This blog shares the good works of out Counterpane Interact Club, sponsored by the Rotary Club of Peachtree City, GA, in RD6900. Students go weekly to the IRC (International Rescue Committee) in Atlanta to train teachers and learners
Two Interactors and a parent and/or teacher go to the Atlanta location of the IRC each week to assist in the training with Souns for the refugees. These lovely people from so many places in the world are often not literate in their own language and then must adapt to our culture within a short period of time. Souns has helped them tremendously and helping with the program helps our students as well. For a time we worked with the refugee children as well, but they are not there long enough to make a difference and it is the mother that is our focus now. The mothers most often do not feel competent as teachers of their children. We are changing that, as we train them to train their children with Souns, in the same way they learn themselves. It is pretty impressive to see the difference it is making. We have been doing this for nearly five years now. It is no small outcome to see the compassion demonstrated by our students.
Click this line to see an IRC Bulletin sharing this project.
||I registered for the Florida Literacy Conference on a whim. My rationale went something like this, “Adult and Family Literacy certainly applies to SensAbleLearning, LLC, I’ll go.” It was a very good whim.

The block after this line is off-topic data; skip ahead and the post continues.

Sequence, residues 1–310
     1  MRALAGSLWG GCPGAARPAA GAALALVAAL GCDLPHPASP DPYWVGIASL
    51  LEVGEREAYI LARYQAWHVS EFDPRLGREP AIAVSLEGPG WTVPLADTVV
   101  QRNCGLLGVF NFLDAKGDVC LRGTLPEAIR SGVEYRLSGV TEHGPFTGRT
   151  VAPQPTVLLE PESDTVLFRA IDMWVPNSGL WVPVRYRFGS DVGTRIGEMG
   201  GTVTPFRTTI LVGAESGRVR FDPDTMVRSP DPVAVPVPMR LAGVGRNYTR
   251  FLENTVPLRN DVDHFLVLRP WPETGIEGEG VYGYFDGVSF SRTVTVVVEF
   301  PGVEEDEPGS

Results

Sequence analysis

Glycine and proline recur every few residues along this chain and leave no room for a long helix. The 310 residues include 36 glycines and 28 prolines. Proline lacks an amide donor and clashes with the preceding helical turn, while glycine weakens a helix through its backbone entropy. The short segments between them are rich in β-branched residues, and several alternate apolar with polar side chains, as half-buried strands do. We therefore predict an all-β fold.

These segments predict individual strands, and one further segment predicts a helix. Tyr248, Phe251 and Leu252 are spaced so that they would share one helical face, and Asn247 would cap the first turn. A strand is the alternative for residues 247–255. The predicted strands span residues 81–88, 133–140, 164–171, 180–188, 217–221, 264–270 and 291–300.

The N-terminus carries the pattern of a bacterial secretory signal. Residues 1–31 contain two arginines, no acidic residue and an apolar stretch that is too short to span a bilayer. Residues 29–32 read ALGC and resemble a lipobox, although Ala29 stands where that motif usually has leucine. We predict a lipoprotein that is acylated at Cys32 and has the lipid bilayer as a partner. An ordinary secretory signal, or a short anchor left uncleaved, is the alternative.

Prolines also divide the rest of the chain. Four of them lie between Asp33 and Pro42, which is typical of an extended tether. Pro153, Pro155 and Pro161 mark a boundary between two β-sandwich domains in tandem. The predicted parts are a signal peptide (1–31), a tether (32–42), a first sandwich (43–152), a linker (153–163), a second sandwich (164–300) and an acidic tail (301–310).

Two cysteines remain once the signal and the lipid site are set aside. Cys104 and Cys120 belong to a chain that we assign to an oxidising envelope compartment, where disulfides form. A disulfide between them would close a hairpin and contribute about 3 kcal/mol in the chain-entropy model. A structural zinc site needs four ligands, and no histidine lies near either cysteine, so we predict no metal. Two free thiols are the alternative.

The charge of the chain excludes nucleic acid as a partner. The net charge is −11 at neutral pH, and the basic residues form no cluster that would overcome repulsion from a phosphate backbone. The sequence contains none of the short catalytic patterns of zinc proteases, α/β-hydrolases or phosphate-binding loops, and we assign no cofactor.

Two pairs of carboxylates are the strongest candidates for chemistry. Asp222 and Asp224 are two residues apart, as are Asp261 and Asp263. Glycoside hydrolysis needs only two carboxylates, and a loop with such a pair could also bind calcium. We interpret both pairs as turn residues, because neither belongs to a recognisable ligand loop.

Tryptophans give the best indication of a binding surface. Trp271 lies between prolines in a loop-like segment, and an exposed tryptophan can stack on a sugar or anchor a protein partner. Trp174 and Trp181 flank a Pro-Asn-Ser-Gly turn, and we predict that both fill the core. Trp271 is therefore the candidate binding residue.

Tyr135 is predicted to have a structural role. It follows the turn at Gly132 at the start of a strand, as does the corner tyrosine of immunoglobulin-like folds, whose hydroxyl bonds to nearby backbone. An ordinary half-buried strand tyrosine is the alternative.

At the conference, I had my first experience using Souns® with an adult learner. He inquisitively looked at the Souns® symbols (letters) and I explained quickly how the program worked the first time he happened by. I realized quickly that his curiosity was more than piqued as he touched the letters and said the sounds with me. I wondered if he could read, but I did not ask.
He left to attend a workshop but he soon returned and apologized for having to leave. I asked if he would like to sit and work with me for a bit using Souns®. He said yes. We went through each letter sound, just as the program suggests. Most of the sounds he learned very quickly. I have the tracking sheet we used. He did not recognize many of the letter sounds initially, but we practiced and he learned. Next, I began building words with him using Souns® symbols and the objects I have ready in my box of three letter words. With each new word he built, a smile stretched from ear to ear displaying his delight in what I can only assume is a new understanding of this mysterious language code. I wish I had more time with this young man.
I loved every ah-ha moment that came across the faces of trained professionals, tutors and scholars as they “got” how teaching sounds first before letter names removes much of the confusion not needed for a beginning reader. But, the ah-ha that will remain in my heart is the one I saw in the smile of the curious young man.
Della Palacios Founder and Owner of SensAble Learning, LLC